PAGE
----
The lessons from an infant industry, including the power of cooperation and importance of regulating with a light touch
Android, apps, iPhones, Angry Birds, iPads, FarmVille, data contracts: It's a bit jarring to realize that these terms, so familiar today, only date back five years. The introduction of the iPhone in 2007, and the initial distribution of Android the same year, marked the birth of the App Economy.
But the App Economy didn't just mean more fun games and more ways to do work on the go -- it meant more jobs as well. Based on research I did for Technet, the association of high-tech innovative companies, the App Economy has generated nearly 500,000 jobs since 2007. This is an impressive total, especially during the worst labor market downturn since the Great Depression. It's also an indication of the growing macroeconomic impact of the App Economy.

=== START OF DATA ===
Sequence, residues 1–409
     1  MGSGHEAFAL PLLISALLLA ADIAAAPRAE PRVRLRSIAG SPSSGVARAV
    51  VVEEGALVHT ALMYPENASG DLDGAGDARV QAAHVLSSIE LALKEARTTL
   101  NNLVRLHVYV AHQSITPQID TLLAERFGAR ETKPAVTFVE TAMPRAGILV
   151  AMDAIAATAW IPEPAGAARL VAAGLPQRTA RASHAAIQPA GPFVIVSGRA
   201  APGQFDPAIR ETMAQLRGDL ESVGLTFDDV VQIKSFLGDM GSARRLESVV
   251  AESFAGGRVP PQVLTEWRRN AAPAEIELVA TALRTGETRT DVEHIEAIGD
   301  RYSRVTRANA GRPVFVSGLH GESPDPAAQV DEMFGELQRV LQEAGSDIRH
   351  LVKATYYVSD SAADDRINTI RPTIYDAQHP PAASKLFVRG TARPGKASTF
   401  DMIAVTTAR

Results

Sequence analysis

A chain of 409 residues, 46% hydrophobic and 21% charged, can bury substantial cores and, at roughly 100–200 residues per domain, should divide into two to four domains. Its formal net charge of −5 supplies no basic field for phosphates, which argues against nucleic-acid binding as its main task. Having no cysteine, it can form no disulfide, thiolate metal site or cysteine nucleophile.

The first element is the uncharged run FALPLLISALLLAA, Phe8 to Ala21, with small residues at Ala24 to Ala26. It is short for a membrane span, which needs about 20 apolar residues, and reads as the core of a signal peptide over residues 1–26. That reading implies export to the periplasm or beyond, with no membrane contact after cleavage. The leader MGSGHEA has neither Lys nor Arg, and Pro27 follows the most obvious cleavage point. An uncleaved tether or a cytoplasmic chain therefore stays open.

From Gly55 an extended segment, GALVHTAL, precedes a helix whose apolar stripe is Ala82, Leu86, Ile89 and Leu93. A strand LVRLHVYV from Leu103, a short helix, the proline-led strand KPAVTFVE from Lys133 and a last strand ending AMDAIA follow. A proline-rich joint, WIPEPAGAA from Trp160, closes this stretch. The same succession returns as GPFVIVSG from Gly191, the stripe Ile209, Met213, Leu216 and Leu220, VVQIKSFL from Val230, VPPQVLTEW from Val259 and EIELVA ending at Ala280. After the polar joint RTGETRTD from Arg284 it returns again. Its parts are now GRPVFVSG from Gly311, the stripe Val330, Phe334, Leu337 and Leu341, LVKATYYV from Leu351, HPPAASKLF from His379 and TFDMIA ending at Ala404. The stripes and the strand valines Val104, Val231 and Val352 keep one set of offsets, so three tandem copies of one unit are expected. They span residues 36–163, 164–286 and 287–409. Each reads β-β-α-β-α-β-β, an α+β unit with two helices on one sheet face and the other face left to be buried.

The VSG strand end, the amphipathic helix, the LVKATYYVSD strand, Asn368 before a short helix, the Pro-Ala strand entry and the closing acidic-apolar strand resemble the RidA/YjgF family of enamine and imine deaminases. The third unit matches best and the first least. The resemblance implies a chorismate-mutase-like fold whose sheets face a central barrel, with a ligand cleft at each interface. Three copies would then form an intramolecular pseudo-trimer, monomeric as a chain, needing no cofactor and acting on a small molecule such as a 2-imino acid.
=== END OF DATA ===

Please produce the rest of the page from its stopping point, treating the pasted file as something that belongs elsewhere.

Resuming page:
We can draw three lessons from the success of the App economy to help us understand how we can drive prosperity forward.
Innovation creates jobs. Nobody conceived of the idea of 'apps' before the iPhone was introduce in 2007, followed by the opening of the Apple App store in July 2008. But suddenly it turned out that there was a pent-up demand for light-weight applications to run on mobile devices and platforms, and a pent-up supply of programmers to create these light-weight applications.